Last Updated on: 28th November 2023, 04:55 pm
Adjumani I Several implementing partners are supporting the refugees to adapt to the impacts of climate change to fight food insecurity and malnutrition. They are using locally available materials.
Mr Simon Shoro, a refugee from South Sudan living in Maaji II refugee settlement for more than 6 years is responding quickly by planting early maturing crops as well as using grass to mulch the small gardens.
He said to address the challenges of the reduction in the food ratio; he has been renting gardens from the host community at the cost of shs.100, 000 each for the last six years.
“I have been planting cabbages, tomatoes, eggplants, and onions. I practice mulching, during the dry season I irrigate my vegetables and during the rainy season I ensure the gardens have drainage to allow water flow out,” Shoro said.
“When the food ratio was reduced, I kept feeding my family because I had vegetables from my garden and sold part of them to pay school fees for my children,” he added.
Ms. Marcelina Ojjaba is a refugee at Pagirinya refugee settlement, Block C, Custer 15. She said that since the World Food Program (WFP) reduced the food ratio, she has been forced to have one meal a day.
“I now supplement my food by digging in my small plot of 30 by 30 where I plant okra, cabbage, eggplant, and cowpeas, among others.
She lauded Action Against Hunger for supporting them to acquire land for agriculture and also providing them with seeds to cultivate. This, she said, has helped them to fight hunger in their families.
The Agricultural Officer of Dzaipi sub-country in Adjumani Mr Vuciri James Logwenya, said that refugees need to be sensitized on mindset change to stop looking at relief food only. To become self-reliant, he asked for cooperation with the host community and urged them to give refugees land to cultivate crops that would help them to end hunger.
He adds that the level of food production in the district is low which is affected by the recent floods and climate change issues, resulting in food insecurity among both the hosts and the refugees.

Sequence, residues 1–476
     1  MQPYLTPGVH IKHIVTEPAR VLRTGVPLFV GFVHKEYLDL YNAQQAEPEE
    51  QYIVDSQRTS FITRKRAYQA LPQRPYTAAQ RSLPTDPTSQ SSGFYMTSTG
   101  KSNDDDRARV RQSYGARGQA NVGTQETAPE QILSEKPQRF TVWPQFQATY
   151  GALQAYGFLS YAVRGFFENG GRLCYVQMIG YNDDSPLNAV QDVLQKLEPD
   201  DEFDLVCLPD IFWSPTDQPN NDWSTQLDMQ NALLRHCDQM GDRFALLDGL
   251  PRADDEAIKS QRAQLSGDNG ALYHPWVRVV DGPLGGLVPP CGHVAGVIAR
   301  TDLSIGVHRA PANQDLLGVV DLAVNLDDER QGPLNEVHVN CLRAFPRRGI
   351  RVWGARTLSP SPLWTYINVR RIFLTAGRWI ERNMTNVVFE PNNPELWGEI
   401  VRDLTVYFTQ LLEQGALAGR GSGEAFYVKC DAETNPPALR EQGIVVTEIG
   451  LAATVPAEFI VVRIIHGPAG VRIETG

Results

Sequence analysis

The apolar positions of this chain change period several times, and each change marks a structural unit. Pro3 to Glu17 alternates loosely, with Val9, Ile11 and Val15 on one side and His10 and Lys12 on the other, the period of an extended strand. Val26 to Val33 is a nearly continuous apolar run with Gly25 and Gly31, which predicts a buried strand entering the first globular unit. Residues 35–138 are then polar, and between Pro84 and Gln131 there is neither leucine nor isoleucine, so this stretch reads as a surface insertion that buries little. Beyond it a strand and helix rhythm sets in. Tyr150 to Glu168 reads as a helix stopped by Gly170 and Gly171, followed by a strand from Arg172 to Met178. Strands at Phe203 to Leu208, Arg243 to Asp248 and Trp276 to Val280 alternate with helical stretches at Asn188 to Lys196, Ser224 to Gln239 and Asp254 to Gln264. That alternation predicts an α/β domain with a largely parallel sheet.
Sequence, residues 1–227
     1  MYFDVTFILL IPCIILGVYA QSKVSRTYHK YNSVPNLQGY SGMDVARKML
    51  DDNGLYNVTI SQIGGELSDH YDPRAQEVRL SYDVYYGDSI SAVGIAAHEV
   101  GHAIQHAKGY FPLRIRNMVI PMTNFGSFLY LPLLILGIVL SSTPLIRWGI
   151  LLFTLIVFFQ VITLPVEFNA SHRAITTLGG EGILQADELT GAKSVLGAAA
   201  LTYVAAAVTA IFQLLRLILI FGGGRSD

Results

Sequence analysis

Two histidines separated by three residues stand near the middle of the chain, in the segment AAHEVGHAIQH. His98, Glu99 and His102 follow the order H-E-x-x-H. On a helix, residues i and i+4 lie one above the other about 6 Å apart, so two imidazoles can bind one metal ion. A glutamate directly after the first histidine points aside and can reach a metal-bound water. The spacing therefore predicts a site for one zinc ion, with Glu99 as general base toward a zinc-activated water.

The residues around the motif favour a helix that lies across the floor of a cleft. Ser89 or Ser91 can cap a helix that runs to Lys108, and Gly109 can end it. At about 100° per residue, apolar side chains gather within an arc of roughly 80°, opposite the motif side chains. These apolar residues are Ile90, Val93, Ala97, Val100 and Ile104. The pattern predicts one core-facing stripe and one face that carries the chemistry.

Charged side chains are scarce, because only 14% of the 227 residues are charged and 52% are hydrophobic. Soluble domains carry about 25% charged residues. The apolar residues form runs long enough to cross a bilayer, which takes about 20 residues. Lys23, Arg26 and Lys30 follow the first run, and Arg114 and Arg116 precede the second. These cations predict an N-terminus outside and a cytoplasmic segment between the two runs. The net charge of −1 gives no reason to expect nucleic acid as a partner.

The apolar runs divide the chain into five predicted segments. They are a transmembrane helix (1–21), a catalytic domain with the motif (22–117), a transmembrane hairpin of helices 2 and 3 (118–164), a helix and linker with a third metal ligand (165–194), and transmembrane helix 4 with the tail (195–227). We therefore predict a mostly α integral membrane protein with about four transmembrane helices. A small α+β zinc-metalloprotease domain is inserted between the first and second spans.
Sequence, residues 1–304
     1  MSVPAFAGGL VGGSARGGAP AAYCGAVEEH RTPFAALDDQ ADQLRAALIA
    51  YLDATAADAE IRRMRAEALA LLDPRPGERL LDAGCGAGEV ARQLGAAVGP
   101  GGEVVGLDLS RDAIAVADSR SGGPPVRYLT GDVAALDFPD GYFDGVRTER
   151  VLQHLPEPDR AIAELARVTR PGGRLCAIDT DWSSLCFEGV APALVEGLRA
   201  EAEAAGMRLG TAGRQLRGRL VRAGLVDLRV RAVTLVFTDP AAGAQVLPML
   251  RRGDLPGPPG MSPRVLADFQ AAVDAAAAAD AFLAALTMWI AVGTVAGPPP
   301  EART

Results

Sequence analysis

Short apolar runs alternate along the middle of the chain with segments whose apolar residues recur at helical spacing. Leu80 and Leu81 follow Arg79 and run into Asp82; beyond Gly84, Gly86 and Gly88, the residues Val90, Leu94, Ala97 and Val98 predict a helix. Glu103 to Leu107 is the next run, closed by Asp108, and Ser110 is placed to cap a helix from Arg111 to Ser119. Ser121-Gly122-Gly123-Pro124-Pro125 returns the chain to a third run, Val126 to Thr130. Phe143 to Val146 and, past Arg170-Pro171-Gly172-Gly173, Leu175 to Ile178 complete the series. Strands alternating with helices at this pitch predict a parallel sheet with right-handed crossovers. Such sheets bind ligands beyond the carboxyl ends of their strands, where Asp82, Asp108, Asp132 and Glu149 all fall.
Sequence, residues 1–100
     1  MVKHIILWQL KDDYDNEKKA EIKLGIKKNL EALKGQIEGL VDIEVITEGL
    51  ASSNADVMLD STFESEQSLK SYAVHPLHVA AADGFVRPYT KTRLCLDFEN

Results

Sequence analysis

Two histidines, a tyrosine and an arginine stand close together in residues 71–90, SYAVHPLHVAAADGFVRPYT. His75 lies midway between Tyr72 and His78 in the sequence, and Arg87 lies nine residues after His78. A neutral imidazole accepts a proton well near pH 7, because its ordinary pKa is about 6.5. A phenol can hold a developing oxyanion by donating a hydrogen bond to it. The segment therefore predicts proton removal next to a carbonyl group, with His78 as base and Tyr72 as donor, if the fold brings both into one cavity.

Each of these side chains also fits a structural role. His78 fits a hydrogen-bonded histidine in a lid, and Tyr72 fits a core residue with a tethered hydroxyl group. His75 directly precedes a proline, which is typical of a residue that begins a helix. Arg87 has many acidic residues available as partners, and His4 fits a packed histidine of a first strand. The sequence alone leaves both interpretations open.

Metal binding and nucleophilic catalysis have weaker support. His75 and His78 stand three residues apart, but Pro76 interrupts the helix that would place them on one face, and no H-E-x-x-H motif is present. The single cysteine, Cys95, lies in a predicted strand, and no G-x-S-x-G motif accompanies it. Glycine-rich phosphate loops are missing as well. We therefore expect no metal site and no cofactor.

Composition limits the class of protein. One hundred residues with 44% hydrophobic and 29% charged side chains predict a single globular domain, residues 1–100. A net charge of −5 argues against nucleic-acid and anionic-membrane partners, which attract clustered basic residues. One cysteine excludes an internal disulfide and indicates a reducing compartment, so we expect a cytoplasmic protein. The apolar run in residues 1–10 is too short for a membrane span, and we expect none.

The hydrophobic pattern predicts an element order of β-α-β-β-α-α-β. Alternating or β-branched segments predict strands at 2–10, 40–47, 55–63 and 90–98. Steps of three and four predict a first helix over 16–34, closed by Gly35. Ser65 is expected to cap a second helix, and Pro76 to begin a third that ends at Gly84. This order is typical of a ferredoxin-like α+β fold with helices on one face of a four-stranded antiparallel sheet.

‘’We need to engage them to produce the crop variety which is short maturing and nitrates so that the little you have can be able to have enough food for yourself. We need to engage them in this Climate-smart Agriculture where production continues whether it’s dry, whether it’s the wet season, that is why we are promoting it so much climate smart Agriculture,’’ Mr Logwenya said.
He adds that they are also looking at the level of vegetable food production which helps a lot in reducing malnutrition among the communities in the district.
Mr Titus Jogo, the refugee desk officer of Adjumani commended the nationals for accepting to share land with refugees.
“My only appeal is for the refugees to take advantage of the land offered by the nationals if they are to end hunger,” Jogo stated.
Action Against Hunger (ACF) is implementing a five-year project called the Right to Grow, a Consortium Project funded by the Dutch Government to reduce undernutrition in Uganda, especially child stunting.
According to Ms Mariam Akiror, the Advocacy and Strategic Partnership Coordinator for Action Against Hunger, the Right to Grow Project has since 2022 been implementing an Advocacy Campaign on Communal Production, Consumption and Marketing of Nutritious Food Crops for Improved Health, Nutrition, Livelihoods, Self-Reliance and Resilience in Adjumani and Yumbe Districts.
“This Campaign is also facilitating access to additional land for Agricultural Production for Refugees and Host Communities as well as promoting cohesion between Refugees and Host Communities, we are also promoting climate change adaption,” she said.
Under the Right to Grow, landlords from the two sub-counties of Dzaipi and Ukusijoni have donated more than 2,000 acres of land to both the refugees and host communities.
By Babra Anyait & Marko Taibot